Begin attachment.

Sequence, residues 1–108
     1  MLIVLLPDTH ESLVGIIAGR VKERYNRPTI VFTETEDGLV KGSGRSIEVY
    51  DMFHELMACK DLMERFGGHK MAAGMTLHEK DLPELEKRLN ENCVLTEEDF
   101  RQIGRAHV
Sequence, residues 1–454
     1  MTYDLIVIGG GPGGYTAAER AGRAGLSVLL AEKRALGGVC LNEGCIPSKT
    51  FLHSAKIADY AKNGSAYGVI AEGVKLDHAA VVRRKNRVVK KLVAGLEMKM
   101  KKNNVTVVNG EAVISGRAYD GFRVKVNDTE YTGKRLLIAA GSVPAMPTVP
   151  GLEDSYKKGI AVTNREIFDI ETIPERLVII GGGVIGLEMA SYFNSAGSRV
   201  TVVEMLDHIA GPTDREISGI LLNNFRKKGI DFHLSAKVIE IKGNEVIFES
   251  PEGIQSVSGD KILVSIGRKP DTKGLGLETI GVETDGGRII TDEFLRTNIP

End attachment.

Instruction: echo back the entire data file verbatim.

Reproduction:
Sequence, residues 1–108
     1  MLIVLLPDTH ESLVGIIAGR VKERYNRPTI VFTETEDGLV KGSGRSIEVY
    51  DMFHELMACK DLMERFGGHK MAAGMTLHEK DLPELEKRLN ENCVLTEEDF
   101  RQIGRAHV
Sequence, residues 1–454
     1  MTYDLIVIGG GPGGYTAAER AGRAGLSVLL AEKRALGGVC LNEGCIPSKT
    51  FLHSAKIADY AKNGSAYGVI AEGVKLDHAA VVRRKNRVVK KLVAGLEMKM
   101  KKNNVTVVNG EAVISGRAYD GFRVKVNDTE YTGKRLLIAA GSVPAMPTVP
   151  GLEDSYKKGI AVTNREIFDI ETIPERLVII GGGVIGLEMA SYFNSAGSRV
   201  TVVEMLDHIA GPTDREISGI LLNNFRKKGI DFHLSAKVIE IKGNEVIFES
   251  PEGIQSVSGD KILVSIGRKP DTKGLGLETI GVETDGGRII TDEFLRTNIP